The dodgy ambulance peddlers are among the most notorious of their many busts. “The auditors found the problem in one municipality, then in another, then another,” says Yves Zamboni, an economist who served eight years as advisor to the anti-corruption agency’s head. “Then another guy in another state found the same thing. And then in another state. And another. The central office put these data together, and realized how big and organized the scheme was.”
Prosecutors in Mato Grosso, a state about one-and-a-half times the size of France and home to the capybaras and caimans of the world’s largest tropical wetland, found the audit team reports to be interesting reading. The prosecutors had been investigating several companies in the city of Cuiaba whose names cropped up whenever an overpriced ambulance was supplied to Acre, another state that had asked Mato Grosso to investigate the matter. The same names littered the audit teams’ reports from Rondonia and many other states as well. So the federal police started wiretapping.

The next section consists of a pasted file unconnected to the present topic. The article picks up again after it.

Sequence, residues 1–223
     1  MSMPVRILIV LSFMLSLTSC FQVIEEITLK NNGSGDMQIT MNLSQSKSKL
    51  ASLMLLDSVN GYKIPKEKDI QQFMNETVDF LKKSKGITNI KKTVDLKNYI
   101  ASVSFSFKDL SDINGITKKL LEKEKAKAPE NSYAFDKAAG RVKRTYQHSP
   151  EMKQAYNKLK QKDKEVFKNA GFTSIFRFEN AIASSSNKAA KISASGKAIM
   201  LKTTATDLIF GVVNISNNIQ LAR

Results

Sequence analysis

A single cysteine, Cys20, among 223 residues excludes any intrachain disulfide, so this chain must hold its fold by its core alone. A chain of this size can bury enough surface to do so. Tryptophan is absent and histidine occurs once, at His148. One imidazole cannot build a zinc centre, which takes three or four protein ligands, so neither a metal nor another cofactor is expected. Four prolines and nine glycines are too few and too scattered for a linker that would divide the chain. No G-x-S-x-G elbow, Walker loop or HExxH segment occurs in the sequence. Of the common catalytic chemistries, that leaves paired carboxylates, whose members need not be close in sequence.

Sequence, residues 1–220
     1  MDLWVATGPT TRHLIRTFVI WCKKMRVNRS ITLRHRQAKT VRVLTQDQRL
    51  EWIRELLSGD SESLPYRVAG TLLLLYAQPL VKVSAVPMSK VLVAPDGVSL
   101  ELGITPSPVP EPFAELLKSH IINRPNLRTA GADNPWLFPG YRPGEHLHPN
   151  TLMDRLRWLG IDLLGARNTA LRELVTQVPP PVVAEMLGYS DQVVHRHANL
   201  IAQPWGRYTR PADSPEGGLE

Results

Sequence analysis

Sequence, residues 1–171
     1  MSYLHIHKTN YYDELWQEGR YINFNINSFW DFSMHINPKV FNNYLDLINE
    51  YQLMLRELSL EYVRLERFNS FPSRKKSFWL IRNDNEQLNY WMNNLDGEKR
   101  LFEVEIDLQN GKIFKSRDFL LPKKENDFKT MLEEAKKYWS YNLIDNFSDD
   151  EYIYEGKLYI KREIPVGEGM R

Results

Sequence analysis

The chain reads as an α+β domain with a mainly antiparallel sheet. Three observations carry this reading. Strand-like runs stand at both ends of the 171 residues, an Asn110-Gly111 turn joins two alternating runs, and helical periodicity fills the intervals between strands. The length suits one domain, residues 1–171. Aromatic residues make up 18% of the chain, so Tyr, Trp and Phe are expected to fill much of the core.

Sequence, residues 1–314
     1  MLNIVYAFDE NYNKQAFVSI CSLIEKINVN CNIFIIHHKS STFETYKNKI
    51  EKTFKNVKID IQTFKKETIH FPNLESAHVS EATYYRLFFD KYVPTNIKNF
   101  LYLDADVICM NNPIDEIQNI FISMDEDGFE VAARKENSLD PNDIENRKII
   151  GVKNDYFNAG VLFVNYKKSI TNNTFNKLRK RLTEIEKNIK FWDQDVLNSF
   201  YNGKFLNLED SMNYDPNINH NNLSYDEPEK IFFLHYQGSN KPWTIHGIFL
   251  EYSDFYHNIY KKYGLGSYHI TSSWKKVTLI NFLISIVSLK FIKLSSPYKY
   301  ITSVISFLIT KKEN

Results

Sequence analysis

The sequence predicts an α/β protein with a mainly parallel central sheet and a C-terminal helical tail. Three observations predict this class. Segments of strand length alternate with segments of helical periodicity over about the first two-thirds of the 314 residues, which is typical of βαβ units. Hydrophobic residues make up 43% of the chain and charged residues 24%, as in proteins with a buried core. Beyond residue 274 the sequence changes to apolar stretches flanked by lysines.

In the end, investigators determined that the ambulance scheme reached into 19 of Brazil’s 26 states. It involved white-collar gangsters directing parliamentary aides to request federal budget amendments that opened up the flow of cash to city governments where mayors were willing to cooperate. In those municipalities, a common roster of front companies won bids to provide ambulances at about 120 percent of the market price. The profits were then pumped around the system, and kickbacks circulated to all involved. About 300 mayors are thought to have gained from the scheme, many of whom were implicated by the audit teams’ evidence. In 2006, when the police were done, a parliamentary commission recommended opening impeachment proceedings against 69 federal deputies and three senators. The media dubbed the whole episode the “Scandal of the Bloodsuckers” – the latter word being a synonym, in Brazilian Portuguese, for the leech, the hardy worm that drains small amounts of blood from its mostly unsuspecting hosts.